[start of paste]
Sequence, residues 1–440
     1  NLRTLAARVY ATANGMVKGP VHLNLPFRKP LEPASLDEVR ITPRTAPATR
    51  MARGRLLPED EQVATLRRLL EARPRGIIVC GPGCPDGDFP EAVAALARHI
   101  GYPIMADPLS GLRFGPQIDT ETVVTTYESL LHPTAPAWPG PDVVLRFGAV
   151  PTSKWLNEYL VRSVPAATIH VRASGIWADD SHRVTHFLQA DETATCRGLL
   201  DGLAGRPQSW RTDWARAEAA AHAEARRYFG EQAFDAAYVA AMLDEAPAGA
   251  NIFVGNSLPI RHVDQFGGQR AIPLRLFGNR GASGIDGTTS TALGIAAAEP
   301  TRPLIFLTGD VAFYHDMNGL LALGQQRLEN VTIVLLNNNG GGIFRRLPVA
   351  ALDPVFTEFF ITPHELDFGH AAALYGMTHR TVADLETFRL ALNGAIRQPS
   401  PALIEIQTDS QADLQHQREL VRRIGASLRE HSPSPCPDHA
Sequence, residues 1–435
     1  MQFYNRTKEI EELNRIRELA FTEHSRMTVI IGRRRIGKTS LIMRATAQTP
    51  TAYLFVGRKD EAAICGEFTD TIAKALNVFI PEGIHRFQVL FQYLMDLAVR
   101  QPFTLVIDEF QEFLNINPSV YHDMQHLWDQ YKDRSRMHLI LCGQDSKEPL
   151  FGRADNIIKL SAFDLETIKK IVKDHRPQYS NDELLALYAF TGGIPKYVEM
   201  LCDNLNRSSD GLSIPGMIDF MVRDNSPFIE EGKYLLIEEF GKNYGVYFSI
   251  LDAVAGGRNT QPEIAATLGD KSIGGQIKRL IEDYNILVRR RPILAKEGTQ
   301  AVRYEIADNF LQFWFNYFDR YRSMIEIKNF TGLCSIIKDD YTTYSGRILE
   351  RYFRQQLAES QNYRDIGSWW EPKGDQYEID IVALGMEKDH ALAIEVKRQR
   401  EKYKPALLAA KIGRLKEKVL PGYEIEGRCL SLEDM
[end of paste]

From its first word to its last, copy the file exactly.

Sequence, residues 1–440
     1  NLRTLAARVY ATANGMVKGP VHLNLPFRKP LEPASLDEVR ITPRTAPATR
    51  MARGRLLPED EQVATLRRLL EARPRGIIVC GPGCPDGDFP EAVAALARHI
   101  GYPIMADPLS GLRFGPQIDT ETVVTTYESL LHPTAPAWPG PDVVLRFGAV
   151  PTSKWLNEYL VRSVPAATIH VRASGIWADD SHRVTHFLQA DETATCRGLL
   201  DGLAGRPQSW RTDWARAEAA AHAEARRYFG EQAFDAAYVA AMLDEAPAGA
   251  NIFVGNSLPI RHVDQFGGQR AIPLRLFGNR GASGIDGTTS TALGIAAAEP
   301  TRPLIFLTGD VAFYHDMNGL LALGQQRLEN VTIVLLNNNG GGIFRRLPVA
   351  ALDPVFTEFF ITPHELDFGH AAALYGMTHR TVADLETFRL ALNGAIRQPS
   401  PALIEIQTDS QADLQHQREL VRRIGASLRE HSPSPCPDHA
Sequence, residues 1–435
     1  MQFYNRTKEI EELNRIRELA FTEHSRMTVI IGRRRIGKTS LIMRATAQTP
    51  TAYLFVGRKD EAAICGEFTD TIAKALNVFI PEGIHRFQVL FQYLMDLAVR
   101  QPFTLVIDEF QEFLNINPSV YHDMQHLWDQ YKDRSRMHLI LCGQDSKEPL
   151  FGRADNIIKL SAFDLETIKK IVKDHRPQYS NDELLALYAF TGGIPKYVEM
   201  LCDNLNRSSD GLSIPGMIDF MVRDNSPFIE EGKYLLIEEF GKNYGVYFSI
   251  LDAVAGGRNT QPEIAATLGD KSIGGQIKRL IEDYNILVRR RPILAKEGTQ
   301  AVRYEIADNF LQFWFNYFDR YRSMIEIKNF TGLCSIIKDD YTTYSGRILE
   351  RYFRQQLAES QNYRDIGSWW EPKGDQYEID IVALGMEKDH ALAIEVKRQR
   401  EKYKPALLAA KIGRLKEKVL PGYEIEGRCL SLEDM